Boston apparently spent the earliest known years of her life being abused by dogfighters. She was brought in to one vet's office twice to be sewn back together after having been very badly torn up by other dogs. The second time she was brought in to the same vet's office in such bad condition, the vet told the owner that he had to give Boston up or else they would report him to the SPCA for dogfighting. (I'm not sure why the vet's office couldn't do both, but I guess this way the owner still agreed to pay for having Boston sewed back together again.) The story as I heard it, or the best guess at the story, although I'm not sure how such things are guessed at, is that Boston was probably not particularly being trained for dogfighting herself, but rather was being offered up to the owner's other dogs as a practice victim, badly outnumbered and outmatched and set up in advance to badly lose every fight. In any case, it was not a good life for her, and although her fur hides her scars well, I'm told that her whole body is heavily crisscrossed by scars under her fur. My ex, Susan, saw her after the second surgery and said she had a ton of stitches everywhere. Also, for as long as I've known Boston, one of Boston's ears has had very limited range of motion because of injuries - her right ear is frequently perked up, but her left ear can't perk up and only swivels from back to front.
Anyway, a vet tech at the vet's office that confiscated Boston from the dogfighting owner brought Boston home to recover from surgery. Then the vet tech asked Susan to watch Boston for a few days, because the vet tech lived next door to Susan and was in the process of moving to a new address. And then the vet tech apparently just skipped town and never came back to pick Boston up. Less than two months later, Susan started dating me, and Susan said she wasn't really bonding with Boston. So Boston bonded with me instead. And then when Susan finished wasting six years of my life and getting me into major financial entanglements like buying a house together while assuring me that she regarded us as being already "as good as married" despite the lack of legal recognition and yet then sneaking around behind my back with another woman . . . then she said, oh, Boston wouldn't get along well with this other woman's dogs, so I would have to keep Boston. And then a few months later it apparently struck her that maybe dumping Boston on me wasn't very considerate (a remarkable breakthrough since it doesn't seem to have ever struck her that sneaking around behind my back with another woman wasn't very considerate, or that moving in practically next door to me with that other woman a few months later wasn't very considerate - but perhaps she is more able to comprehend the importance of considering Boston's rights and needs than the importance of considering mine), so she offered to take Boston. But there was no reason to believe Boston's chances of getting along with the other woman's dogs had suddenly improved any, and Boston seemed happy enough to stay where she was, so I kept Boston.
The thing is, Boston hasn't ever been really intentionally adopted as a pet by anyone in her life. Boston was adopted by a dog-fighter to be a practice victim rather than a pet. She was confiscated by a vet's office and a vet tech took her home for a while but then dumped her on Susan. Susan kept her for longer but then dumped her on me. And I've kept her the longest of anyone in her life. And yet I never set out to be a sole owner of a dog, and I do not consider myself particularly good at being the sole owner of a dog, and I do not consider myself a dog person.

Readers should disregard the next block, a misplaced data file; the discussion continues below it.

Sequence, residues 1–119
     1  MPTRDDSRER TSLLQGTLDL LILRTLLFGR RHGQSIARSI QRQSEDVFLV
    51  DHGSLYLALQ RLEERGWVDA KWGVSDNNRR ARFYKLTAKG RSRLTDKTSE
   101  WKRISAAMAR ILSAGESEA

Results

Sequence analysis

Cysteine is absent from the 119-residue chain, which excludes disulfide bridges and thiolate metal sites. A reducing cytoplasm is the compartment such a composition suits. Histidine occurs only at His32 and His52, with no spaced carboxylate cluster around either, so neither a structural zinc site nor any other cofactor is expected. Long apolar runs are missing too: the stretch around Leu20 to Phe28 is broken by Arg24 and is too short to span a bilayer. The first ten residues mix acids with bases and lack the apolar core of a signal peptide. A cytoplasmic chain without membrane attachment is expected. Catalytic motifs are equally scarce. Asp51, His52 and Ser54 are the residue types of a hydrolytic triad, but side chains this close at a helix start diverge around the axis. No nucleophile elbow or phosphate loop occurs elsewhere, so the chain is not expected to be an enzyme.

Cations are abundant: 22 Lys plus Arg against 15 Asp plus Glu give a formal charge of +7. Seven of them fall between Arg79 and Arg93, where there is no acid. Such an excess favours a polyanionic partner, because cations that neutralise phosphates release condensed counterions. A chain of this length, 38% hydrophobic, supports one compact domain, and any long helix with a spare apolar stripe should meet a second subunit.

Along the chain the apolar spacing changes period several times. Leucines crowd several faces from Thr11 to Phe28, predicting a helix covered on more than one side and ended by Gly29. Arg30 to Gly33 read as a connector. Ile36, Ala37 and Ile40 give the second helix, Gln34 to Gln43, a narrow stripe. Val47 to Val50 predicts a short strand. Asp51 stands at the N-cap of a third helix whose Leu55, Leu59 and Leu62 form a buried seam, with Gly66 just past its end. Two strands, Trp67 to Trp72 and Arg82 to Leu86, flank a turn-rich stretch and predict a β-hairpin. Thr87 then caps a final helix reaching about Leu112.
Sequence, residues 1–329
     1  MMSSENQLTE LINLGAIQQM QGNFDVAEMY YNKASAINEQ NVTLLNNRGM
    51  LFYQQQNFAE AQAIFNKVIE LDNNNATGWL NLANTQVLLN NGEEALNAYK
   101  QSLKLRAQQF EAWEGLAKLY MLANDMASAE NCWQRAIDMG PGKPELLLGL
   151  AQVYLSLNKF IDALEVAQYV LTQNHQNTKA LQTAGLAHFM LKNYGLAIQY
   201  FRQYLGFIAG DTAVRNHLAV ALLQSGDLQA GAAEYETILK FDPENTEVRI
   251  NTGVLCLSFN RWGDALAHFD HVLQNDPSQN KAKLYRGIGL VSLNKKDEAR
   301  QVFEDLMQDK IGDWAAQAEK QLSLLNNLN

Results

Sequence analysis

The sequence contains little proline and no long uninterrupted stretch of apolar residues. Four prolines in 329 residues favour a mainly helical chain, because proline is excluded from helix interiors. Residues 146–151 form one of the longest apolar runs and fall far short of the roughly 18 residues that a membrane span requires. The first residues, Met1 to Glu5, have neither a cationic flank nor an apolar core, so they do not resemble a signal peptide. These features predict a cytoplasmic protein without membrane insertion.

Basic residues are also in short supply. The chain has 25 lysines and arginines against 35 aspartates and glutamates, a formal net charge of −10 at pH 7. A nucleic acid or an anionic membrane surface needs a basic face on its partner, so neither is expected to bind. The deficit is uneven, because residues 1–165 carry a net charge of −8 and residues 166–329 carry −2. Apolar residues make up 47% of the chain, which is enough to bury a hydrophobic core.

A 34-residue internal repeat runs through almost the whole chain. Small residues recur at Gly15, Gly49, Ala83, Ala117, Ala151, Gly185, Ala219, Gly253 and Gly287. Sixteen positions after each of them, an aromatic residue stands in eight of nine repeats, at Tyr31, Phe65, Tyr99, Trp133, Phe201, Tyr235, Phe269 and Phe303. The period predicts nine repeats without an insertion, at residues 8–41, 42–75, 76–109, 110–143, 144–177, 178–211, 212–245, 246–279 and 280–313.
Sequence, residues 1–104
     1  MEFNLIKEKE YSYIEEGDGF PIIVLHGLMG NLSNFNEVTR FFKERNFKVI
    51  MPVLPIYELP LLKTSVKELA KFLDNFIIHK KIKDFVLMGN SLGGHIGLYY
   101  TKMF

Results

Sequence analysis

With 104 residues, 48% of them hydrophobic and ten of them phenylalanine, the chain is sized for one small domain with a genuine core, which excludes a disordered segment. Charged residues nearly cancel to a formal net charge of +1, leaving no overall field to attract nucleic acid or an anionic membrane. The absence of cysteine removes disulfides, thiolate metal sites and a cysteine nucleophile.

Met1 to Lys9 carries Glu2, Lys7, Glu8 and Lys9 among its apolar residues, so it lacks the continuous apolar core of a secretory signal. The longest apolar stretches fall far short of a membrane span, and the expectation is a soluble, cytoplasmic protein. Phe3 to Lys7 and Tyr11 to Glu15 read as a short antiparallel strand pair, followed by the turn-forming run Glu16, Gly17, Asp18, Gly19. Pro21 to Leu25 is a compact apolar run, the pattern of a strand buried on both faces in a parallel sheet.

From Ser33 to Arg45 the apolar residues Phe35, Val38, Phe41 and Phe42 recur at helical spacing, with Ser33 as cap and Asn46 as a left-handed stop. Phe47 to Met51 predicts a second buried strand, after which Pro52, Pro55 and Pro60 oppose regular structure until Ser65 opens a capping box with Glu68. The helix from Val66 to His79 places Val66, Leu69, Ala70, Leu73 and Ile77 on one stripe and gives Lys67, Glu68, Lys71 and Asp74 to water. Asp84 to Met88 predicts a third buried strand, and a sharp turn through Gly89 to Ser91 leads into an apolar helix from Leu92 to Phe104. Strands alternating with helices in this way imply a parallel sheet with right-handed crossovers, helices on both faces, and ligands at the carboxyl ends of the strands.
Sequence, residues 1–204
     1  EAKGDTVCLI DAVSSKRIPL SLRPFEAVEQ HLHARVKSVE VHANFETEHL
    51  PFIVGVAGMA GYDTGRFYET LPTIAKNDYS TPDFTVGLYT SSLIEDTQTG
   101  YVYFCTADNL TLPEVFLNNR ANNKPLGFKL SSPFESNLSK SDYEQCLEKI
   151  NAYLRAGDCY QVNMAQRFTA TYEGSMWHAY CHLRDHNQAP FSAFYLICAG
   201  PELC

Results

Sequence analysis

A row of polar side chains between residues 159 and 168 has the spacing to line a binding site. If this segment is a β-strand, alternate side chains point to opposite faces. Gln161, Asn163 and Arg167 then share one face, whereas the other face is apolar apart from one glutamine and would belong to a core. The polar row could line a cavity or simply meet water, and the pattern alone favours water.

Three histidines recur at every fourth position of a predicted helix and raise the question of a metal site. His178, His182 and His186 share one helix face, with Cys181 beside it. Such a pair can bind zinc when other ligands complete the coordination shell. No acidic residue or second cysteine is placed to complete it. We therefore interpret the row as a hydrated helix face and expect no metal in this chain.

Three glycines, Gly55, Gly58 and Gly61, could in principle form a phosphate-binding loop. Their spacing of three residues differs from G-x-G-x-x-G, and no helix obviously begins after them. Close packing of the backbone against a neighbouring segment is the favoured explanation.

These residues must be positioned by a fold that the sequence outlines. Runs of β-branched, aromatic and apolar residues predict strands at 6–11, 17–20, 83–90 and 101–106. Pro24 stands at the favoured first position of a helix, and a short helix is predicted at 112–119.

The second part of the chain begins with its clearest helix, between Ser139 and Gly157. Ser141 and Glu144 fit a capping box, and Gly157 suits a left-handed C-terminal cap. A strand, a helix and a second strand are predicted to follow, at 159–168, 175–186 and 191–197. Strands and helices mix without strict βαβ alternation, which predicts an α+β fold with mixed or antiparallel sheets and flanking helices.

Boston has suffered through an awful lot of rotten luck in her life. I do think, however, that if she would talk, she would say that I have given her a pretty good life. And I would say in return that she has been a pretty good dog, the best dog for me personally that I am ever likely to find. I just have never been so confident that I was the best person she could have found. But I was the best person she actually did find, and I guess that has been enough in Boston's eyes.
While writing this I managed to work myself into an hour-long shrieking-and-sobbing-at-the-top-of-my-
lungs fit, to the point that even Stardust eventually got concerned (Stardust is not at all the kind of cat to whom concern for others comes easily) and started meowing questioningly at me and eventually even came over and jumped on the bed and rubbed against me a little, although it must be said that since she stayed only just barely within arm's reach and then left entirely after less than ten minutes, she does not get particularly high marks for her rather half-hearted attempt at comforting me. Then I thought that surely Boston herself could probably hear me from outside and was probably concerned for me herself, so I went to the back door and turned on the light to look out. But Boston is lying stretched out on the lawn, not more than fifteen feet from where I was shrieking but seemingly oblivious. She didn't even move when I turned on the light. Well, I've had the sense that her hearing hasn't been particularly good for the past year or so, so she might simply be able to sleep through any noise these days. And I gave her a big, fancy meal of canned dog food a couple of hours ago, so maybe she needs to sleep that off.
I guess that is enough to write about Boston and her impending death for now. There were other things I wanted to write about. It's just that that one kind of superseded the others. Hmm.
My lodger moved back in yesterday, after a month away at her boyfriend's house while recovering from knee surgery. When I told Barry she was moving back in, he said, sounding slightly surprised, "So the arrangement is working for you, then?" And I said basically yes, it's working well enough. She's very polite, and when she's working the night shift as she'll be doing for the foreseeable future now, I hardly even see her, so having her here doesn't really have much effect on me other than me needing to leave some space for her in the refrigerator and freezer, give up a room in the house to her, and be quiet during the daytime - though I would pretty much always be quiet during the daytime anyway, since why would I have any reason to be loud when there's no one here to talk to? (Well, it's good she wasn't home during my crying fit, though.) She is not much company, but she is polite and causes no problems and pays rent, so I have nothing to complain about.